Addressing the insurance issue, at my old job, I stayed just 2 days into the new month because that gave me insurance through the end of the month. It was a small cushion, but helpful so might be worth subtly looking into if this would apply at your company. On bad days I also feel like every job posted would be soul-sucking and wonder if there is anything that would not be miserable. Hang in there, it will get better.
XXX, you can get health insurance coverage through the ACA Marketplace. Leaving a job is one of the things that allows you to apply for coverage outside of the open enrollment periods. Depending on your financial situation, options may or may not be super affordable, but you should definitely check it out. It’s possible you may qualify for a subsidy. Depending on how much you’d pay out of pocket for the prescriptions, you may pay less to get the coverage. Every plan on the marketplace is required to cover prescriptions. And in case you’re worried, ACA regulations prohibit insurance companies from rejecting or charging more to people with any preexisting conditions. Feel free to PM me if you have more questions about it, my line of work requires intimate familiarity with Obamacare and insurance.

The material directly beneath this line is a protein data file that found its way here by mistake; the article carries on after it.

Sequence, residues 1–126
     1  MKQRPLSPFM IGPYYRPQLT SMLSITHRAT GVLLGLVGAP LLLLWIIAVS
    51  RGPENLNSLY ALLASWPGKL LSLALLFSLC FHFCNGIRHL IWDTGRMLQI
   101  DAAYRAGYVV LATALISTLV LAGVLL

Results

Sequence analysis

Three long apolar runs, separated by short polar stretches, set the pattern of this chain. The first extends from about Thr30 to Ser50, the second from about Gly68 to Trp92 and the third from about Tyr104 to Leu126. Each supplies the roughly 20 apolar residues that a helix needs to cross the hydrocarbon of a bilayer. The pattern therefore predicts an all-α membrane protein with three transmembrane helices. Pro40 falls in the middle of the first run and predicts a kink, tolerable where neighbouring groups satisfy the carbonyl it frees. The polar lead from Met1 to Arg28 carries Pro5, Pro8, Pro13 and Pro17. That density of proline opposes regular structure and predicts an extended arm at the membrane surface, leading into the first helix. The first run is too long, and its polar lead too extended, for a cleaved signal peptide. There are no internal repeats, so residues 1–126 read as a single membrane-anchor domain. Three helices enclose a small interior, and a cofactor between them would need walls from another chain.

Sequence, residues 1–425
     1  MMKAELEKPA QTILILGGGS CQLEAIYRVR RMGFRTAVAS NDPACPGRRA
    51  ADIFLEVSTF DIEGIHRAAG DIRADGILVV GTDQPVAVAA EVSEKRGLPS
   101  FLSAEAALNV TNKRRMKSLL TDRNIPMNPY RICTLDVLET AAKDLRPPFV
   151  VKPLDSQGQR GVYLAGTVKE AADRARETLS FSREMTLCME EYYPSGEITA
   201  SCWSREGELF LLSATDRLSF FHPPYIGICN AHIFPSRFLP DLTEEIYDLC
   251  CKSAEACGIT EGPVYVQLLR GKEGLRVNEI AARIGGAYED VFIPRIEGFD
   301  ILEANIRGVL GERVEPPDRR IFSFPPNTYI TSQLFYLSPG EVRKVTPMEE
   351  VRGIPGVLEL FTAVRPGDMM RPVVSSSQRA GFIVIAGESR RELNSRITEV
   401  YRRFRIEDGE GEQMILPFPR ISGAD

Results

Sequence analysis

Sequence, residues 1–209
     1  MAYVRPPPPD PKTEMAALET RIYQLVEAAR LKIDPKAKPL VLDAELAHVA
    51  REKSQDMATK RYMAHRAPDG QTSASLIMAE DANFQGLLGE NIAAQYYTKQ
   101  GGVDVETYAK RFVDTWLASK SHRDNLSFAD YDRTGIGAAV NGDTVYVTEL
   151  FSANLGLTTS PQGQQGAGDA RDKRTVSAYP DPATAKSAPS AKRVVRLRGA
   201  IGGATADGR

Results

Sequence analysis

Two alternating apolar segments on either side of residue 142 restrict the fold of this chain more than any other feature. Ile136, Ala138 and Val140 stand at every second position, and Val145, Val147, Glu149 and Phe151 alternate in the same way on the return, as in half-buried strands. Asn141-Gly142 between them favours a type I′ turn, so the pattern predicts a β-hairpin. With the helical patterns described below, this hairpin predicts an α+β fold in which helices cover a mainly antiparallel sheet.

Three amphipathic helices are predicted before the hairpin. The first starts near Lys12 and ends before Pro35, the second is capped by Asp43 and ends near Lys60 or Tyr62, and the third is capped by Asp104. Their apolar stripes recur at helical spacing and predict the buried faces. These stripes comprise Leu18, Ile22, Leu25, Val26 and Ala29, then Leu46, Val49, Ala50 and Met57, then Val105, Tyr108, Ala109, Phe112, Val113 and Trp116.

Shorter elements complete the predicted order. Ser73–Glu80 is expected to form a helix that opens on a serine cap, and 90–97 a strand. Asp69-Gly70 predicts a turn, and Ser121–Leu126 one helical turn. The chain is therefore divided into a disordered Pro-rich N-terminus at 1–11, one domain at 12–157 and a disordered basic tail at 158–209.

I have been in your position sadly 3 times! My advice: leave before you get so miserable it impacts your job performance. IL is a payout state so ask HR when you accrue vacation time (15th of the month etc) and have your last day be the day after. Give 2 weeks and be honest that you do not have anything lined up but you need to move on because you are looking for a new opportunity. If you need a break after quitting but want some income, look into temping. You can also volunteer somewhere to fill in the gap on your resume. Quitting a crappy job is scary but you always feel better after you do it. Good luck!
If you’re interested in exploring these topics further and meeting others going through the same journey, join the Secret Sauce Squad or work with Saya one on one.
Do you have any experience with being unhappy in a job? Any advice you’d offer? What was your breaking point? How do you know when to leave? Or did you stay, and if so, why?